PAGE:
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5/27/03 - Miami Herald

Little to show for $5 million - Model City has yet to build a house

By Oscar Corral

An agency set up by Miami officials to revitalize Liberty City has spent almost $5 million since it was established last year, but so far, it has not broken ground on a single new house and no one has become a homeowner with its help.

The Model City Community Revitalization District Trust's land acquisition practices may have violated federal rules that require housing construction to start within one year. The U.S. Department of Housing and Urban Development is looking at its spending.

City Manager Joe Arriola has frozen the trust's funding, saying he is concerned with its management. But his critics say he's trying to take over the agency.

The trust's current executive director, Marva Wiley, acknowledges some problems, but defends the trust's expenses and land purchases as essential for moving the project forward.

''I understand people are frustrated and pessimistic,'' Wiley said. ``But we have not sat on our laurels. Most of what we have done was essential. There are a lot of behind-the-scenes activities that have to occur to make this happen.''

After commissioners approved the program in concept in 1999, city staff spent three years preparing it. Endowed with a $12 million injection of federal funds, the Model City Homeownership Trust was officially formed in early 2002 with the intention of increasing homeownership in Liberty City. It eventually changed its name to the Model City Community Revitalization District Trust.

The district's boundaries are roughly between Northwest 71st Street on the north and State Road 112 on the south; and between 19th Avenue on the west and Interstate 95 on the east.

The trust has spent about $1.8 million to buy land. It has spent about $2.5 million more on consultants, marketing and other costs that critics say have done little to advance housing in the area.

A Herald review of records found:

 The trust has bought 23 lots since February 2002, but has not yet started any houses. HUD rules require agencies that use federal housing grants to buy land to start construction within a year.

 The agency has given $1 million in professional-services contracts to 13 firms without competitive bids. One of the consultants who won a $100,000 contract without a bid, G. David Black, was a former business partner of Gwendolyn Warren, the executive director of the agency at the time the contract was awarded.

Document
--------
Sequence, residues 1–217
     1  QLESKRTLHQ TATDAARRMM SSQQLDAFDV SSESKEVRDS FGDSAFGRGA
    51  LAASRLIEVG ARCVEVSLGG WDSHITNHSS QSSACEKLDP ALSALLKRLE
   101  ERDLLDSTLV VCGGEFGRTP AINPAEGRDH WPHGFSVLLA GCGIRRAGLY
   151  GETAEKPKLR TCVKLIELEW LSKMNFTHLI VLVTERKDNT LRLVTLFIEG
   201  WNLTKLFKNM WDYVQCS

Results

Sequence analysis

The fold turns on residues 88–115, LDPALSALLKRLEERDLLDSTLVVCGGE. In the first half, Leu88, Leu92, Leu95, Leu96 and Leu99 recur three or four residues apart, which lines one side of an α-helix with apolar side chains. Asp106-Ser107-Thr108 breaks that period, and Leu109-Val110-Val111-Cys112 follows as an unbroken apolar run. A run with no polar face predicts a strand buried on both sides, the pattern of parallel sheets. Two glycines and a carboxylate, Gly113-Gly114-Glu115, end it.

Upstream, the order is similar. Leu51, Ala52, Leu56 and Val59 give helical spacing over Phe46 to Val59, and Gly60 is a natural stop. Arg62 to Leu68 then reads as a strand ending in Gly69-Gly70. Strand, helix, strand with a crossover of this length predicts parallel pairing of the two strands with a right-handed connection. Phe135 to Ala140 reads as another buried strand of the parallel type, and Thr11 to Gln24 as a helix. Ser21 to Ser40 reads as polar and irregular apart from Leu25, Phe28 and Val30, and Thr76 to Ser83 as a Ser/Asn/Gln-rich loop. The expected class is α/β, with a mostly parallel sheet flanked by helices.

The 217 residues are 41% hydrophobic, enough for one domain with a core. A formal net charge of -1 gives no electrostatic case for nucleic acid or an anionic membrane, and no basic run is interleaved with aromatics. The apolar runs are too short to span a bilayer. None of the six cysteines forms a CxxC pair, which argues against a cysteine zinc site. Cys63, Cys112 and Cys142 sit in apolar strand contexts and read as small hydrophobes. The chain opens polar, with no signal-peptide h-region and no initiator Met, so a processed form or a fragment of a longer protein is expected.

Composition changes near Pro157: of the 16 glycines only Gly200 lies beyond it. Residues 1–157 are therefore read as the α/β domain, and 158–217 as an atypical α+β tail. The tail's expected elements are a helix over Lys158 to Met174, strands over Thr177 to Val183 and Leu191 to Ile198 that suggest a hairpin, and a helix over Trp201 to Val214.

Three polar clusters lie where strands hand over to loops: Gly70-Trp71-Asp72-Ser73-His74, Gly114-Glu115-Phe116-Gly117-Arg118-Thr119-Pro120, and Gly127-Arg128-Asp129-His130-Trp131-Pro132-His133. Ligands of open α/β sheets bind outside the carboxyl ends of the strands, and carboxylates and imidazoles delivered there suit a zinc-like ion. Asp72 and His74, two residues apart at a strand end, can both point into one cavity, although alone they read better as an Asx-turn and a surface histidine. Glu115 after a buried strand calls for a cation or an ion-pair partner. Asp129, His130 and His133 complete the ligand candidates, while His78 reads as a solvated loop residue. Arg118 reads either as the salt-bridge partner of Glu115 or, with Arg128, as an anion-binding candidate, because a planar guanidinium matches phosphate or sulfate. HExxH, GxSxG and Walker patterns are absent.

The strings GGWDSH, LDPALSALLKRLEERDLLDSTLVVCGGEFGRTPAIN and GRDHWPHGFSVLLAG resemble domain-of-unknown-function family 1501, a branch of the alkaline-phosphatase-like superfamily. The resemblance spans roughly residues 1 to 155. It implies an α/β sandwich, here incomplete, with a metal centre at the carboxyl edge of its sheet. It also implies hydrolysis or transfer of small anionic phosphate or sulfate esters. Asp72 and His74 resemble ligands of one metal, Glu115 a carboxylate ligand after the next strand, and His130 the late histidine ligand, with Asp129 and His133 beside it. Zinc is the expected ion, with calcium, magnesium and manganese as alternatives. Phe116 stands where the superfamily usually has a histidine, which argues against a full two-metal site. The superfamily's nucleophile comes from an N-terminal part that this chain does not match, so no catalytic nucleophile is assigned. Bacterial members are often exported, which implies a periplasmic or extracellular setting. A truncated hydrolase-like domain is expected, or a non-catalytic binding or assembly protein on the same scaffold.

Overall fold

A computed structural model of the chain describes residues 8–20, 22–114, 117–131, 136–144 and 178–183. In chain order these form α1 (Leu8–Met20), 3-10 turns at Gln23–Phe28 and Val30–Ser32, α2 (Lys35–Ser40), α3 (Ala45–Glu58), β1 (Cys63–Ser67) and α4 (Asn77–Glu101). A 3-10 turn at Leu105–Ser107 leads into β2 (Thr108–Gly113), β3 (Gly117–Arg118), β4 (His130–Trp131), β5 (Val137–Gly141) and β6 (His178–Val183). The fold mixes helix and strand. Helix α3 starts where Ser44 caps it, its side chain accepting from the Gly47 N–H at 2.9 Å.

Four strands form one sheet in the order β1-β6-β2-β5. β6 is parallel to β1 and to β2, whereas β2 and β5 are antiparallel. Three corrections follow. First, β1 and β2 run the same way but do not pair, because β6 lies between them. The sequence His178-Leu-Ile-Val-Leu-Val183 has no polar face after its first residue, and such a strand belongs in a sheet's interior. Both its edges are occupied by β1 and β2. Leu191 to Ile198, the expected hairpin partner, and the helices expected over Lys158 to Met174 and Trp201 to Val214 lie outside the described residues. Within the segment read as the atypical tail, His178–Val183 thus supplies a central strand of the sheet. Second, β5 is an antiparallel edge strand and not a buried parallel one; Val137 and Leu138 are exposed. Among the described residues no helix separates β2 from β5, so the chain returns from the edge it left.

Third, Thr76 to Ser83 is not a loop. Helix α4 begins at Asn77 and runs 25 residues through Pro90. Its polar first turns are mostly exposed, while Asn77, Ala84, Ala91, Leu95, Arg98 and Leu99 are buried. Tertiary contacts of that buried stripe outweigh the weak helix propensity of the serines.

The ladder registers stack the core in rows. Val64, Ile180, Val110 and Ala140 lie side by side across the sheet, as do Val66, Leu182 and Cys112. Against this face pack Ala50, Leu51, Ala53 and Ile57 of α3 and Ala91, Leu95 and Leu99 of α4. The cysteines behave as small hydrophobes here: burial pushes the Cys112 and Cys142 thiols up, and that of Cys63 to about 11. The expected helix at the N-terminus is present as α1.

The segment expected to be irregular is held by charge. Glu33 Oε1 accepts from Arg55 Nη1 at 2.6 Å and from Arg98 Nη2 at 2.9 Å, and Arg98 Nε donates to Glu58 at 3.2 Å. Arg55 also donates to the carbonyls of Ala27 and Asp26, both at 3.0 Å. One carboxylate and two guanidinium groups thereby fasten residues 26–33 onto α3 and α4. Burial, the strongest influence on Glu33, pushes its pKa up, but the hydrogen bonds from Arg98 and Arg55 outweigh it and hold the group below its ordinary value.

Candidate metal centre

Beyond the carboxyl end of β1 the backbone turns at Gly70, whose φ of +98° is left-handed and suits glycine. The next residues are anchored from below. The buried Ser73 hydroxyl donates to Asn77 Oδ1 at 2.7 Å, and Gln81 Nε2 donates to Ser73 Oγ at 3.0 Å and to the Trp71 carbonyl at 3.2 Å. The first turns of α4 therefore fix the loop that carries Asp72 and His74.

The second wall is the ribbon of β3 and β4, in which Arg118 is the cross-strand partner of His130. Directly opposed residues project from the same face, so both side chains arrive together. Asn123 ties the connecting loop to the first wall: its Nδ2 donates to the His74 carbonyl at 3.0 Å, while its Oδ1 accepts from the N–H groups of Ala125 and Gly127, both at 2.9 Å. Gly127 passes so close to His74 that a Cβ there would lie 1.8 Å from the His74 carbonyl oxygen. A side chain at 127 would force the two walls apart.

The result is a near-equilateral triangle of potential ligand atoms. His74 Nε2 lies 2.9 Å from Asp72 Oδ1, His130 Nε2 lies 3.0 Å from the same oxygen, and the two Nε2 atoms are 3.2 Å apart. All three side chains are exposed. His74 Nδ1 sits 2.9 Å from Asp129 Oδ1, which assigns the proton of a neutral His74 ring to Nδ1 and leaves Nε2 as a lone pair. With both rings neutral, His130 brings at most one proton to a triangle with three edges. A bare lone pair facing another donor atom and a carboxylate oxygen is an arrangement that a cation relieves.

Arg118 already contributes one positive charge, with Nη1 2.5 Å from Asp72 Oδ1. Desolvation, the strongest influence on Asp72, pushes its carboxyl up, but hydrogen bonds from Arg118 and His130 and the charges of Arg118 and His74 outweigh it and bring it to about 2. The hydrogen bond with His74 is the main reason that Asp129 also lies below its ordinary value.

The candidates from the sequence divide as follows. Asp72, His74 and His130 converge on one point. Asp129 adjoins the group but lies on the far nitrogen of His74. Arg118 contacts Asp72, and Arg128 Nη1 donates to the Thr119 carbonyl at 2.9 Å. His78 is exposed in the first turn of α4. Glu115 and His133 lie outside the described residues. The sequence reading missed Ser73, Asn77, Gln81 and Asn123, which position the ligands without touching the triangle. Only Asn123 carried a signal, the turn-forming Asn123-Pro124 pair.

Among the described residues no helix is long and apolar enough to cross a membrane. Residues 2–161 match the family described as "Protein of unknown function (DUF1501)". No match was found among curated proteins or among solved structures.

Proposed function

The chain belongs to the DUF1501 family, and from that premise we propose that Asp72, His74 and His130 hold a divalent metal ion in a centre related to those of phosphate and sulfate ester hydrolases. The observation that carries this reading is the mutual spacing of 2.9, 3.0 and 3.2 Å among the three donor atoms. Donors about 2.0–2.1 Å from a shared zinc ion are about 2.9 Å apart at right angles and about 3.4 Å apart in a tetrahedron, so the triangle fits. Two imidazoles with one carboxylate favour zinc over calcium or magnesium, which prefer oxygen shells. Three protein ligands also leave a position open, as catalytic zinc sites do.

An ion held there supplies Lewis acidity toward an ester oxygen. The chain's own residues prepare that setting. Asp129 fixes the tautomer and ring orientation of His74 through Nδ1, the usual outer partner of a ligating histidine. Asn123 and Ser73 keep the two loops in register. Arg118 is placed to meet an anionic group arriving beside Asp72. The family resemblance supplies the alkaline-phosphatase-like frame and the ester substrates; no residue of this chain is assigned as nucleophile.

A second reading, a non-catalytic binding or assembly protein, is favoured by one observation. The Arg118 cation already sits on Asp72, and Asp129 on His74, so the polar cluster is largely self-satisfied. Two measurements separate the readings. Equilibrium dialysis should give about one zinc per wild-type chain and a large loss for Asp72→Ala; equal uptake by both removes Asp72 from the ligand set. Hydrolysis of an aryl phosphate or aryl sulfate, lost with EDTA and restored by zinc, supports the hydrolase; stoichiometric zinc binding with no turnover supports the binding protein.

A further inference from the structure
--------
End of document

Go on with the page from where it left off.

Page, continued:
The agency bought properties from two former Miami commissioners, one of whom has a son on the trust's board of directors.

City sources say the U.S. attorney's office is examining whether the trust has violated any laws. Matthew Dates, a spokesman for the office, declined to comment.

A HUD spokeswoman confirmed that the agency is looking at the trust to confirm that it is complying with all HUD spending rules.

''We want to make sure federal funds are used properly and the project follows the rules and regulations,'' said Gloria Shanahan, a spokeswoman in HUD's Miami office.

Arriola has placed a virtual moratorium on the trust by freezing funding until all legal questions are answered. He fears the trust may be forced by HUD to repay almost $2 million in federal funds used so far.


''Nothing will be bought until we get all our ducks in a row and get all the legal questions answered,'' Arriola said. ``I want to get them back on the right track and help them through the process.''

Arriola blames the trust's problems on Warren, who was executive director from April 2002 until February. Before that, Warren was the head of the city's Department of Community Development, which she left in the midst of controversy. She was placed at the head of the trust at the urging of Commissioner Arthur Teele Jr., whose district includes the Model City area.

Teele could not be reached for comment.